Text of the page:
Letters to the Editor - May 13, 2013

  • Written by Readers

Two common household items that seem easy enough to empty or fill. Easy enough for people who don’t need long-term services and supports.
As a home care aide, I provide vital services for seniors and people with disabilities – people whose laundry requires special treatments and whose dietary needs can’t rely on whim, but require careful planning.
The current State Senate budget proposal for the 2013 to 2015 biennium would cut funding for home care services including laundry and shopping.  

Some lawmakers believe – wrongly – that volunteers will come fill in to help my clients do their laundry and will drive them more than 45 minutes to pick up groceries or medications.  Home care clients have already lost an average of 15 percent of their home care hours through arbitrary budget cuts. More cuts to hours are penny wise and pound foolish because they will cause vulnerable seniors to go to more expensive settings like nursing homes.

If caregivers don’t caregivers don’t do laundry, shopping, or provide vital home care services, thousands of vulnerable Washington residents will have rubbish pile up, laundry overflow and cupboards go bare.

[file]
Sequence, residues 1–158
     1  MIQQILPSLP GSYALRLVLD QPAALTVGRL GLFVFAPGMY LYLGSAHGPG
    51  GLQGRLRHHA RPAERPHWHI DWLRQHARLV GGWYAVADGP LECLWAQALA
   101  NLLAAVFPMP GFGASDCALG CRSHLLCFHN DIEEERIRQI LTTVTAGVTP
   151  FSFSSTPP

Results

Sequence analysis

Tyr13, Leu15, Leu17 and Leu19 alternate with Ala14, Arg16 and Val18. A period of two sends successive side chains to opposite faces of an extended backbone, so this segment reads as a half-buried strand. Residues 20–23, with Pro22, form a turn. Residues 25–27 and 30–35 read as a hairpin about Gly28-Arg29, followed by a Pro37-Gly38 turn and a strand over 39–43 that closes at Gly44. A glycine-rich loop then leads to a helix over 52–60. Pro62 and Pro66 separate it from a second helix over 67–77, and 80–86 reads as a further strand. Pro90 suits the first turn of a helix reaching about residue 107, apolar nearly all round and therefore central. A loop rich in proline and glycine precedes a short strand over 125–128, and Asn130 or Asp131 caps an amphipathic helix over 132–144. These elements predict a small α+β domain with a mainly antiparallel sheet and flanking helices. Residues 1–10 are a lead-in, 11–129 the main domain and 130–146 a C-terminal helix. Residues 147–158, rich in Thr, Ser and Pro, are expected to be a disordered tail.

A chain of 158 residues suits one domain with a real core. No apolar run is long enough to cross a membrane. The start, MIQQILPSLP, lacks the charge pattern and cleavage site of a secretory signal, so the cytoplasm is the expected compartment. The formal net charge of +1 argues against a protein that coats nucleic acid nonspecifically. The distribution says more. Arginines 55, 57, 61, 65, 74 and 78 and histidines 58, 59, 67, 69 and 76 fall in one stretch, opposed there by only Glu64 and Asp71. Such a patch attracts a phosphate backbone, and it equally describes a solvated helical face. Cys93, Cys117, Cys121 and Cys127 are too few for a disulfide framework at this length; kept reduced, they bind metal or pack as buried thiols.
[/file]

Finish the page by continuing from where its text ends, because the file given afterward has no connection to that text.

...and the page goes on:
Under the Senate plan, big corporations and special interests get priority over vulnerable adults though costly tax breaks.

There’s a better approach. Eliminate tax loopholes and use the money instead to help seniors and people with disabilities.

Richard Ross, Kirkland


Waste Management North Sound has over 250 employees who are committed to creating sustainable communities.

Our mission is to maximize resource value, while minimizing environmental impact so that both our economy and our environment can thrive. Our goal is to be part of the solution to the problems that sparked the original idea for Earth Day, and while that is a 365-day-per-year job, Earth Day is a good reminder of our commitment.  
In honor of Earth Day which was April 22, Waste Management (WM) of North Sound would like to share a few helpful recycling tips for residents and businesses in Woodinville.

 These few simple changes can go a long way in helping to do our part in preserving the planet all year long:   
• Recycle paper and packaging: It’s an easy way to do your part.
• Compost food scraps and kitchen waste: Set-up your own backyard compost or utilize your food/yard waste services.  
• Don’t forget about e-waste: Computers, electronics, batteries and light bulbs are all recyclable today. To find out where and how, check out online resources including King County website and Waste Management’s Lamptracker.
• Donate, reuse and recycle items before throwing them into the garbage
• Harmful materials like chemicals, batteries, electronics should be taken to local hazardous waste depots or recyclers.

Jeff McMahon, District ManagerWaste Management-North Sound, Woodinville

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